It hasn’t been that long since the last time we heard from the Minneapolis indie-rap institution Atmosphere; The Family Sign, their last album, came out in 2011. But the duo’s next album Southsiders will come out in a different world. The duo’s new single is called “Bitter,” and if it was about the group’s feelings regarding Macklemore wholesale jacking their entire style and getting famous with it, I’d understand. Instead, the song is about how other people are bitter. Nobody’s ever accused Slug of being shy about sharing bad feelings, but you have to admire his restraint here. Below, listen to “Bitter” and check out the Southsiders tracklist.
At this point, it doesn’t make much sense to call the Mississippi rapper/producer Big K.R.I.T. “underground” anymore. He’s on Def Jam, his last album had 2 Chainz on one of its singles, and now he’s got a song with Rick Ross. K.R.I.T. produced “New Agenda,” his new Ross collab, himself, and it’s fun to hear Ross’s king-sized bluster on one of K.R.I.T.’s twitchy, traditionalist country-rap tracks; Ross compares himself to William “The Refrigerator” Perry, which is perfect. But more than that, it’s an ideal chance to hear K.R.I.T. sounding simultaneously confident and humble, and showing off those beautifully organic production chops. Listen below.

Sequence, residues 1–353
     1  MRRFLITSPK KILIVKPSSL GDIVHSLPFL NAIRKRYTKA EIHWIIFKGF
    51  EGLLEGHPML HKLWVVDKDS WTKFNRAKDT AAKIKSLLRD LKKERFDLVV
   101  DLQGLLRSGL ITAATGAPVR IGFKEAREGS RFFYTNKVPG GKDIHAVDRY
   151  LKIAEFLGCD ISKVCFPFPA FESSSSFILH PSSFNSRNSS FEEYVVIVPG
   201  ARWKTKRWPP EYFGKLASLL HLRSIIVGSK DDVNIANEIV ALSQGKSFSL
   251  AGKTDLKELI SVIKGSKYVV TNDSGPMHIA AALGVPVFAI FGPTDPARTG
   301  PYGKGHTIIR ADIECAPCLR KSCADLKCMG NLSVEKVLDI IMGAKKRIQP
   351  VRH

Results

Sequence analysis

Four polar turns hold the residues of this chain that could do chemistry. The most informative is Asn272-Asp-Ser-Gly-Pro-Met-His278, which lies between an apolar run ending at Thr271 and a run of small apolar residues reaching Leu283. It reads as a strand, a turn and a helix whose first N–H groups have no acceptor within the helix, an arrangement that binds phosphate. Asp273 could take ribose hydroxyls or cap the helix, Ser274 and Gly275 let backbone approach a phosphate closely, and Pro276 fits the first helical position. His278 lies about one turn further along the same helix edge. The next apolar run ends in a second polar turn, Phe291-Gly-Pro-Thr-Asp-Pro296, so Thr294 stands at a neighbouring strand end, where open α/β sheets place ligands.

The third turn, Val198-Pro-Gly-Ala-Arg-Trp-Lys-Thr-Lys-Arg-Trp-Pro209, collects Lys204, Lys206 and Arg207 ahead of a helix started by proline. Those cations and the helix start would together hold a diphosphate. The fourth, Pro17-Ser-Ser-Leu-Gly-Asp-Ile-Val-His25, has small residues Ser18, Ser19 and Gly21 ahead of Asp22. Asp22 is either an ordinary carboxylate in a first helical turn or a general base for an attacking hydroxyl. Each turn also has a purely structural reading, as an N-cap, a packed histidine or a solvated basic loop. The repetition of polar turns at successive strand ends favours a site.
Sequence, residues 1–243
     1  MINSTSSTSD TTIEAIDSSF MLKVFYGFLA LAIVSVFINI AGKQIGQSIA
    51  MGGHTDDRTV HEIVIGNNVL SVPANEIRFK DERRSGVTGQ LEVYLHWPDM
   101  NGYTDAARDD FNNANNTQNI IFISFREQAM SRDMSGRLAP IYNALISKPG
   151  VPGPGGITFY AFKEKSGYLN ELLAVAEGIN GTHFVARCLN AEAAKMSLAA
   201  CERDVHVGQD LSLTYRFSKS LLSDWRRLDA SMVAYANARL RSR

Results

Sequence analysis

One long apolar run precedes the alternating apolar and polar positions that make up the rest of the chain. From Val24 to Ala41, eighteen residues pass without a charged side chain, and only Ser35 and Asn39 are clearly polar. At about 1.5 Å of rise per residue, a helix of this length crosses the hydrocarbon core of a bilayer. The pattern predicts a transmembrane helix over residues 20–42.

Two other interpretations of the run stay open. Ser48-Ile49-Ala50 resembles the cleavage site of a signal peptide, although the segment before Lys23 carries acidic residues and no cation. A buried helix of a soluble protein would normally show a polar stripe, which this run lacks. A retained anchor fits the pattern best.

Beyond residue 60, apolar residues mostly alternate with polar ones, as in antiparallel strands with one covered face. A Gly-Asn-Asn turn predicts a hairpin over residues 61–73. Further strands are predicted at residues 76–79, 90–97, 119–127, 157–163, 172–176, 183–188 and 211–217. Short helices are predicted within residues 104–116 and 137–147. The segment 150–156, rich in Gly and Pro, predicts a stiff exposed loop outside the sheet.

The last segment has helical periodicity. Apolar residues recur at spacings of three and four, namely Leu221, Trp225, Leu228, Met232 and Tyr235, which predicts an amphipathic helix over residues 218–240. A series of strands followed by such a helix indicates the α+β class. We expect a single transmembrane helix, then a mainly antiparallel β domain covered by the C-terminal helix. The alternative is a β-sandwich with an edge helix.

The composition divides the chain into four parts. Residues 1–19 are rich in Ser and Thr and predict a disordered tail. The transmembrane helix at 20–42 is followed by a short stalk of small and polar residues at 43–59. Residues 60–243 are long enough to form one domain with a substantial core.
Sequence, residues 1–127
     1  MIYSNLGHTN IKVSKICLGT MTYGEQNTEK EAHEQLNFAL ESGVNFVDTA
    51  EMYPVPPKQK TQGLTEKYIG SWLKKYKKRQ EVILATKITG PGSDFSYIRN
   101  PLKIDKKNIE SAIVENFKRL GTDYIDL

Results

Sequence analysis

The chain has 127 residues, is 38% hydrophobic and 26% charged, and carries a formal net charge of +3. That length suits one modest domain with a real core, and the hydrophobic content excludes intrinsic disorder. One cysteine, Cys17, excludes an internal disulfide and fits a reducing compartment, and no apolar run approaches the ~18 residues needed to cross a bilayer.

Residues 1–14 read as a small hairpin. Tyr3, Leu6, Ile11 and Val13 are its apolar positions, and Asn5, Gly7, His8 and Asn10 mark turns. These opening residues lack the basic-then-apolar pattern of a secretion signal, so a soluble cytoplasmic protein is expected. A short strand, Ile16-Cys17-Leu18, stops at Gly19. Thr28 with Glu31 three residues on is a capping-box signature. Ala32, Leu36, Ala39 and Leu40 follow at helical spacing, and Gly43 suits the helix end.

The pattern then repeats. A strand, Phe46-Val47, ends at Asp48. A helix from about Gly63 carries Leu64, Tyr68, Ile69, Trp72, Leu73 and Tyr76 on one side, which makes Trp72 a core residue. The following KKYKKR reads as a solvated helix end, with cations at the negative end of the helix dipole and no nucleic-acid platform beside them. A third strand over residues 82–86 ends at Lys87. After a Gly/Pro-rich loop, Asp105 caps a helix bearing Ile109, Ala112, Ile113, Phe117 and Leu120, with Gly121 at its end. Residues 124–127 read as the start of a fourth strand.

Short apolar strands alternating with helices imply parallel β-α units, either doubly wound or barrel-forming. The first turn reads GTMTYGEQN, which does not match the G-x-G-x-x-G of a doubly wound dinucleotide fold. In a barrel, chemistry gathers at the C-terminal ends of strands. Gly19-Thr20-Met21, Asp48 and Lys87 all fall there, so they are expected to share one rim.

Q&A: Heems On His Self-Imposed Exile In India, Greedhead’s Comedy Aspirations, And His Upcoming Solo Album
The music world hasn’t heard much from Himanshu Suri since late 2012, when the release of Wild Water Kingdom, his second solo mixtape of the year, was followed quickly by the announcement that his pioneering rap group Das Racist had broken up. Suri is about to break that silence. In recent months, the man best known as Heems departed his native New York to bounce around Asia — playing shows, making an album, discovering emerging music communities, visiting relatives, and plotting a number of new ventures that seem likely to return him to the center of musical conversation this year.
A few weeks ago, we posted “Busy Earnin’,” the new single from the London synth-funk group JUNGLE. As far as I can tell, none of the members of the band show up in the song’s brand-new video. Instead, the video focuses on the dancers featured on the single’s cover art. The whole video is just one big, choreographed dance routine, all taking place in a big, white room. It’s a fun, unpretentious video, and if we’re entering a new age of people dancing in music videos, I’m not mad. Watch it below.